Following Axis Mutual Fund Scrutiny, Sebi Wants Greater Surveillance Powers: Report

Sebi has sought permission from the central government under the Information Technology Act, 2000 to increase its surveillance power in view of increased usage of new technological tools by market participants.
Following Axis Mutual Fund Scrutiny, Sebi Wants Greater Surveillance Powers: Report

The Securities Exchange Board of India (Sebi) is reviewing its regulations to mitigate the challenges posed by the increased adoption of new-age technological tools by market participants.

According to a source privy to the Hindu Business Line, Sebi is reportedly seeking the government’s clearance under the Information Technology Act, 2000 to intercept and decrypt digital communications.

What Is The Problem?

Sebi came under criticism regarding the Axis Mutual Funds case recently.

Axis Mutual Fund finds itself in the middle of allegations that two of its fund managers were misusing information for personal gains. Click here to read more about it.

Sebi is being criticised by market participants for not doing the needful when it comes to detecting fraud, insider trading and front-running in the market. “Front-running is a reality but the people involved do not leave any trail because they use digital platforms that enable anonymity. Messages on certain platforms disappear, making it difficult for them to get caught,” said the Hindu Business Line source.

What Has Sebi Done?

In the face of mounting criticism, Sebi has set up an internal committee to review its existing regulations. “Technology is changing fast and this has also changed the way the market operates. But some of the regulations are from an earlier era. We want to make sure the regulations keep pace with innovations in the marketplace. While innovation will always be ahead, regulations should not be more than two steps behind,” said the source.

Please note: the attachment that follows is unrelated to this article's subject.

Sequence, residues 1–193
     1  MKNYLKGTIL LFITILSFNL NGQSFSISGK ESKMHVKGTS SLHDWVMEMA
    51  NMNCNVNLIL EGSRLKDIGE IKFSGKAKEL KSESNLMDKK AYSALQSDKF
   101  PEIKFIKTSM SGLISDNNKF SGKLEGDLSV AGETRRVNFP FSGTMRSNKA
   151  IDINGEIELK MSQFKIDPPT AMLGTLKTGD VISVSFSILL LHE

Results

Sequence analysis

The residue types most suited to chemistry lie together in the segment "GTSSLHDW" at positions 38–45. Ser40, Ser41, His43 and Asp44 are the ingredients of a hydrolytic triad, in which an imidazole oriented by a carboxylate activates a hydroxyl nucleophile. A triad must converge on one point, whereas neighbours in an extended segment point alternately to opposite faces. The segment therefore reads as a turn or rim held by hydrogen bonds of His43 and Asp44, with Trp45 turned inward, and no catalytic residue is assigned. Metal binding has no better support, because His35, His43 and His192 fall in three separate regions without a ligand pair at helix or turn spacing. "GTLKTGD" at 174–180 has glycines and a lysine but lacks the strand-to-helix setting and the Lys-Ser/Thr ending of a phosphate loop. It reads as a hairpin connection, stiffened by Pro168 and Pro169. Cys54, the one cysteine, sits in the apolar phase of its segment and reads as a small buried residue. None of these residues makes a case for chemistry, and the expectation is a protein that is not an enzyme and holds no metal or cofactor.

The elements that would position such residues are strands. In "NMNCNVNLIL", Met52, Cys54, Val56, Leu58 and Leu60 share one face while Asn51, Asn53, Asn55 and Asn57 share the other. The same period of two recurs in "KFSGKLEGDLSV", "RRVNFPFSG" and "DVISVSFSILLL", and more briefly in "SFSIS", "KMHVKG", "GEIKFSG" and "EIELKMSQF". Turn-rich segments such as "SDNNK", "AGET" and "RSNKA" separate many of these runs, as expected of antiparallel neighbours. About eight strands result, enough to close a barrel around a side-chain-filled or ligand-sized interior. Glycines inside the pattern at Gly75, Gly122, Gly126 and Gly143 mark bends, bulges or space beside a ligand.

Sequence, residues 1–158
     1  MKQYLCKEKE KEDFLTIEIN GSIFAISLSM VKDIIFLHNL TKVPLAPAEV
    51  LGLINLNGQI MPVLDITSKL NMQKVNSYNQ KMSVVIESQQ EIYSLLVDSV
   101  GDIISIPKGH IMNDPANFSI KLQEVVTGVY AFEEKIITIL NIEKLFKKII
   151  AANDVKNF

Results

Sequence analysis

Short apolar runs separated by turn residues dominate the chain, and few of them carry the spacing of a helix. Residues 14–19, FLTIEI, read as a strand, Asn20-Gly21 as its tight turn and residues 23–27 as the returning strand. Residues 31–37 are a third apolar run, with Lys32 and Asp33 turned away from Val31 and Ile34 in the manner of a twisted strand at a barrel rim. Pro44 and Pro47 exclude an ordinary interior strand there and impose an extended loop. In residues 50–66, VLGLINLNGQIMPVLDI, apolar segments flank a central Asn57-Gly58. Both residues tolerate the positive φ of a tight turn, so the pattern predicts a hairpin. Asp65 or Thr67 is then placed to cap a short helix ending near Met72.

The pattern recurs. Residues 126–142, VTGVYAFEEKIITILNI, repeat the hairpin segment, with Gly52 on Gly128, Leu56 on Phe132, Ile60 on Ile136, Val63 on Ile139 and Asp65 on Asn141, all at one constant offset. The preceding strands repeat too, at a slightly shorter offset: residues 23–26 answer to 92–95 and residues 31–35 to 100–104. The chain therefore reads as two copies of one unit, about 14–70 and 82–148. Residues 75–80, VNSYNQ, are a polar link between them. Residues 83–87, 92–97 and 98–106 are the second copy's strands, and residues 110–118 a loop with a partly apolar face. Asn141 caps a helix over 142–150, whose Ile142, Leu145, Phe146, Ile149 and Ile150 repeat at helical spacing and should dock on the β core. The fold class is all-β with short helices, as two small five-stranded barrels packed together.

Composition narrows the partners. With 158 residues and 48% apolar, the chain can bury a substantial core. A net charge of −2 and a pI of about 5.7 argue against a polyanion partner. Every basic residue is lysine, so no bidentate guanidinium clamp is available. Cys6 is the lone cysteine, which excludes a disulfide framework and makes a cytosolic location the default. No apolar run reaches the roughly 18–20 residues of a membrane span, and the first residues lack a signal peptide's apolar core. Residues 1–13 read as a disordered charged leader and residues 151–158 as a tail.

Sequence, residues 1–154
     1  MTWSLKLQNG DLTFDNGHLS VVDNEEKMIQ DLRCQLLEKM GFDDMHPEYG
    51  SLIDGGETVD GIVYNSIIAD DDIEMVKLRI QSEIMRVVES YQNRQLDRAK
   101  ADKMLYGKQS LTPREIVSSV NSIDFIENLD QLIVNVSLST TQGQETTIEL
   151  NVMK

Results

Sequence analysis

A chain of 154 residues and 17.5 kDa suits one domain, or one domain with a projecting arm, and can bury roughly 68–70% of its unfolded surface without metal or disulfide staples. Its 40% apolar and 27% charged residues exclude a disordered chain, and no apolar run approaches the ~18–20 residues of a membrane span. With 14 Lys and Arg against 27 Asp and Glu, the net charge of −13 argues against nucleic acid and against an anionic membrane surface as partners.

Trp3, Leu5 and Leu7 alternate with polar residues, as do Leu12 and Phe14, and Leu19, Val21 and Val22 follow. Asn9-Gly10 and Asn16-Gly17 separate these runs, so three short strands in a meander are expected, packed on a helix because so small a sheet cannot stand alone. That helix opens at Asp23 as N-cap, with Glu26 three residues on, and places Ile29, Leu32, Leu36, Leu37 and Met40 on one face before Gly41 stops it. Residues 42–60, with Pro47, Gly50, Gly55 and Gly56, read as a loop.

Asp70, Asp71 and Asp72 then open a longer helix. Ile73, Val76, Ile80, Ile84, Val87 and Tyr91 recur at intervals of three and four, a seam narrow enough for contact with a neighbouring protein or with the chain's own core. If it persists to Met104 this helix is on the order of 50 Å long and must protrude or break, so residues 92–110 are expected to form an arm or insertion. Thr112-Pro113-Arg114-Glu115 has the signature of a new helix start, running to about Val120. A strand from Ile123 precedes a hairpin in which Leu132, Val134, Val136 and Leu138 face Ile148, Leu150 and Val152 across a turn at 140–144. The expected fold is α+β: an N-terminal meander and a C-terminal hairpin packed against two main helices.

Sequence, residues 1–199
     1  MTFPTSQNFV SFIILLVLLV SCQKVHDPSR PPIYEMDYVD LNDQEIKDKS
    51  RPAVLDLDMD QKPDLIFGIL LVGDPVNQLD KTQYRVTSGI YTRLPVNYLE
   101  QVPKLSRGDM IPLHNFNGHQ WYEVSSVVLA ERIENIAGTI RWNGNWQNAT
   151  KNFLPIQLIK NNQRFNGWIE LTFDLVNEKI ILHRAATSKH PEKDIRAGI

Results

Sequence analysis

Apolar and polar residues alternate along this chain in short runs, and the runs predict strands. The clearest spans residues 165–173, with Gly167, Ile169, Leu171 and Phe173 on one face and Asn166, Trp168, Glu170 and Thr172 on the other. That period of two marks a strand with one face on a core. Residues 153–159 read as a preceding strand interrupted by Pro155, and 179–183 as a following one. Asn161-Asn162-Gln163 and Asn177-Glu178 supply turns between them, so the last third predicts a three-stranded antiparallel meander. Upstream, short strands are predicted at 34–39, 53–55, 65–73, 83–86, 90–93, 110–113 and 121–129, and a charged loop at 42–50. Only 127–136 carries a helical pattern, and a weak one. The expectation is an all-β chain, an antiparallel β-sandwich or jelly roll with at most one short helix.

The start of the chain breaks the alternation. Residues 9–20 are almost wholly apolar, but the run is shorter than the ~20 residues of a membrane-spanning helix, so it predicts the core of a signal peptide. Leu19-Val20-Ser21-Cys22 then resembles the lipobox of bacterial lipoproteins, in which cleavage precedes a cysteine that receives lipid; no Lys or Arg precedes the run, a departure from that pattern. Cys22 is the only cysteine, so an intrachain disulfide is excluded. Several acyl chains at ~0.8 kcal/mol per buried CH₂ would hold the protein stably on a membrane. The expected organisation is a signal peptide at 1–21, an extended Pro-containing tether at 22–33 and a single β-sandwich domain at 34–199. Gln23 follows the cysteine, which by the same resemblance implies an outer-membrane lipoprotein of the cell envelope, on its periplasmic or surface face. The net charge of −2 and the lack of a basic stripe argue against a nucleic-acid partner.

In the past, Sebi had penalised some individuals for circulating Unpublished Price Sensitive Information (UPSI) relating to renowned companies of India like Bajaj Auto, Bata India, Ambuja Cements, Asian Paints, Wipro, Mindtree and others. But most of them were let go since Sebi could not provide the digital trail evidence.

What Does Sebi Want?

The source said that Sebi is seeking authorisation from the central government under Section 69 (1) of the Information Technology Act, 2000, and Rule 4 of the Information Technology (Procedure and Safeguard for Monitoring and Collecting Traffic Data or Information) Rules. 

This section and rules authorisation if granted will give SEBI the power to access digital communication channels and, if necessary, intercept and decrypt them too.

However, this may not sit well with activists, who maintain that law enforcement agencies could very well abuse this power and violate an individual’s right to privacy.

Related Stories

No stories found.
Outlook Business & Money